My relationship with The Hungarian has run its course. I think my mistake was taking too long to realize he wasn't playing games. His mistake is that he's completely self-absorbed. Once again, here's a man who says he wants a wife and kids, but doesn't have room in his life (or house) for them.
His house. That's the reason it's over. When he cooked me dinner, I tried to be hospitable and clean up. He told me to just put my plate in the sink. I did and then I cleaned the plate and stuck it in the dishwasher.
He turned around and saw what I was doing.
"What are you doing?" he yelled.
I looked up, confused.
"I told you to put it in the sink. Why are you touching the dishwasher?" He had always barked when he spoke, but now his voice was raised.
Completely aghast, I took the dish out of the dishwasher and put it back in the sink.
"Why did you close the dishwasher door!?" he yelled. "WHAT ARE YOU DOING?" He stomps in the kitchen and unlatches the dishwasher door.
By this time I had completely evacuated the kitchen and put two pieces of furniture between us: the kitchen island and kitchen table. I was acutely aware that the front door was directly behind me and my purse and car keys were within my reach. I had no idea what was happening or why he was yelling.
"You Americans with your hospitality," he sneered. "I told you to put the dish in the sink. Why didn't you listen to me?"
"I, uh, don't know," I whispered. "My intentions were good." I stood very still and didn't make any sudden movements.
The Hungarian fixes himself another plate and sits back down at the table as if none of this just happened. He gestured for me to sit. I did as I was told.
"If you're going to pout for more than 5 minutes," he began. I halfway stood back up, waiting for him to tell me to leave. "Then we are going to have to talk about this," he finished.
"I grew up very poor," he said. "There was no car, there was no dishwasher..." He had certainly come a long way since then. He drove a brand new Audi and had a BMW motorcycle for the weekends. He lived in a 5-bedroom house in the nice area of town. His house is completely paid off. He had achieved the American dream by anyone's standards. "...I have lived alone my entire life—even my mother would agree—and I am very proud of my things..."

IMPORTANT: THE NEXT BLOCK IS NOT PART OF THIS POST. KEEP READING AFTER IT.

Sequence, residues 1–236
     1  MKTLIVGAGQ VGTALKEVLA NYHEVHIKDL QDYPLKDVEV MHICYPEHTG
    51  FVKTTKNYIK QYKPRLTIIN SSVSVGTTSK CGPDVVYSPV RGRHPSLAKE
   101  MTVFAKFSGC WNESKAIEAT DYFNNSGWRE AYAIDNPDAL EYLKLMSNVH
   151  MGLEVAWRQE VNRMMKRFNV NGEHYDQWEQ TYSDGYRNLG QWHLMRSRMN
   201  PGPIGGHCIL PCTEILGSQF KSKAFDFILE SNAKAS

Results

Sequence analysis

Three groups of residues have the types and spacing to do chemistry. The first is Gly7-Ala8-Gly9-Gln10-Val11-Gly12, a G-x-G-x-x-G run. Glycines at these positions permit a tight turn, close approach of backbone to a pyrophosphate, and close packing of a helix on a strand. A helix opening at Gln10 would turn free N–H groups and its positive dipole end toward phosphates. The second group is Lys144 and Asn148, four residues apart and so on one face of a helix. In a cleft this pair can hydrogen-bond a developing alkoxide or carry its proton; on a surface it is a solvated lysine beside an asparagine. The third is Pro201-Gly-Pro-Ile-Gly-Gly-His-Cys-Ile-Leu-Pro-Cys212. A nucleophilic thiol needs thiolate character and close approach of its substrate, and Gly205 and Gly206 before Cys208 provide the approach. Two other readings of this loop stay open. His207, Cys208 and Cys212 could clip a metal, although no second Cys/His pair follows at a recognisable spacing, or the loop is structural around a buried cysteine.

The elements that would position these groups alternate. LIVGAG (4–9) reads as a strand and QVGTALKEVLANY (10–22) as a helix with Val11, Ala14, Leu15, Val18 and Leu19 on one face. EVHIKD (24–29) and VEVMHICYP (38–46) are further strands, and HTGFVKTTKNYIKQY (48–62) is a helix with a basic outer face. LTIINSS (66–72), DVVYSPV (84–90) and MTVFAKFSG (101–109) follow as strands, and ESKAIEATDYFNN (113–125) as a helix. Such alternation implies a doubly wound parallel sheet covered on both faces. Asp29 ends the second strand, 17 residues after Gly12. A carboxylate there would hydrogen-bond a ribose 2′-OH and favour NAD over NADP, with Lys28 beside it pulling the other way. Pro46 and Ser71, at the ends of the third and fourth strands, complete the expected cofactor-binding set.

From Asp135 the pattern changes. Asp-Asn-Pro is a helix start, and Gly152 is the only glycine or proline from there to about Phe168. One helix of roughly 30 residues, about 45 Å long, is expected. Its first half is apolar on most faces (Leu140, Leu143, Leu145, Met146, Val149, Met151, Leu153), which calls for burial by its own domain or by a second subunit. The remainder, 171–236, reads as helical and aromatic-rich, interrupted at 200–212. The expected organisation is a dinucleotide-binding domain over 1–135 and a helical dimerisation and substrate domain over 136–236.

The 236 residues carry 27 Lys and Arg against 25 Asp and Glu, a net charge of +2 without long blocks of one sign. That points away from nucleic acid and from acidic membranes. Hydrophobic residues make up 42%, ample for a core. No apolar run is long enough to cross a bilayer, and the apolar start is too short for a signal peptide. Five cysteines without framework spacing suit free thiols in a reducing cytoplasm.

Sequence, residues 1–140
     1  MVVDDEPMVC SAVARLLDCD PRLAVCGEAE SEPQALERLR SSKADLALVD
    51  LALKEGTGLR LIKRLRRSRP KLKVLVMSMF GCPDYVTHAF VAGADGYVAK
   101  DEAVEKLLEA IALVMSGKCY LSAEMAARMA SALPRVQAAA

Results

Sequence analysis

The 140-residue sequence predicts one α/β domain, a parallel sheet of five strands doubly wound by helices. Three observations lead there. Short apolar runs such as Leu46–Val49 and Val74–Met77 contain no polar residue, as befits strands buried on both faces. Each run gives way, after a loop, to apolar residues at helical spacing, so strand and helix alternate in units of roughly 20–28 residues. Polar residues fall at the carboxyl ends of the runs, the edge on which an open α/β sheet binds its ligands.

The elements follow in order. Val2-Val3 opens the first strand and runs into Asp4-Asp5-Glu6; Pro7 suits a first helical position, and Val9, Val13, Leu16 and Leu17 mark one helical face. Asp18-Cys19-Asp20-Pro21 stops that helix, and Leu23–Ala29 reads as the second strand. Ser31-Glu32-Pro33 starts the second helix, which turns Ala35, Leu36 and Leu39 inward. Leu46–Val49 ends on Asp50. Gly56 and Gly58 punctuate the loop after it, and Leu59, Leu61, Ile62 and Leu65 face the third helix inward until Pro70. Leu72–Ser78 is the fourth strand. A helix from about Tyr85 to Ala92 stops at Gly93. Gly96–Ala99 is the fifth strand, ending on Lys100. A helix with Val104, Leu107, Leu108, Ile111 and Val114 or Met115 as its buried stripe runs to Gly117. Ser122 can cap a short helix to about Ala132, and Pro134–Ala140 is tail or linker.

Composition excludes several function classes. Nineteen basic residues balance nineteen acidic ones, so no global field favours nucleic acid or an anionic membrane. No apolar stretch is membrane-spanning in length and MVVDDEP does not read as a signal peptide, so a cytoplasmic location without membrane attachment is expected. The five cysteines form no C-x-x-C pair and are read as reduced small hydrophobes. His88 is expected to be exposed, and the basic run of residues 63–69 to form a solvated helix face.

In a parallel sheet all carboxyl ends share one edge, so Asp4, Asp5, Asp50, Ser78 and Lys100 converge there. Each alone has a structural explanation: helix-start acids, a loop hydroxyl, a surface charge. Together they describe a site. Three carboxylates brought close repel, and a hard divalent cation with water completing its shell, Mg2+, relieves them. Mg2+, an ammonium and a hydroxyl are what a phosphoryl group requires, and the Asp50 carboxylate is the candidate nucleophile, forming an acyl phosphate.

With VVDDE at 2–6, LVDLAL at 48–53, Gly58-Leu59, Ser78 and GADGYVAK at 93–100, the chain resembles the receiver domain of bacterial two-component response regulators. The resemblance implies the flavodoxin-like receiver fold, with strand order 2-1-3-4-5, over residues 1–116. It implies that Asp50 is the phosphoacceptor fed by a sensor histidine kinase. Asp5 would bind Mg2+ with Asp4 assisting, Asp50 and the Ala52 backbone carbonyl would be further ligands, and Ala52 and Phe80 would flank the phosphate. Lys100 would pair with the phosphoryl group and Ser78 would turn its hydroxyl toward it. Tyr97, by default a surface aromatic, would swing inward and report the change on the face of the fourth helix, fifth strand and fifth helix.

I looked around his kitchen as he spoke. Inside a glass cupboard were six shot glasses perfectly lined up. Everything had an exact place.
"And I don't use my dishwasher," he continued. "They are a waste of time, water and energy."
He got up from the table and walked back to the scene of the crime. He explained to me his life as he hand washed all the dishes. It was not the life I have had. I grew up in this same neighborhood where he worked so hard to live. I have always lived in the upper-middle class bubble. Every label in his house I take for granted because it's always been accessible to me.
"See? All done." He put the last dish in the dish rack adjacent to the sink. I had never even noticed it. He approached me, still sitting silently at the table.
He stood in front me and clutched his heart. "Oh, I am so upset," he joked in a falsetto voice. "I need to go home, have a Valium, a glass of wine, and an appointment with my therapist." Well he had certainly nailed upper-middle class life. "No one has ever spoken to me that way!"
I didn't say anything. That wasn't the problem. The problem is that too many people have.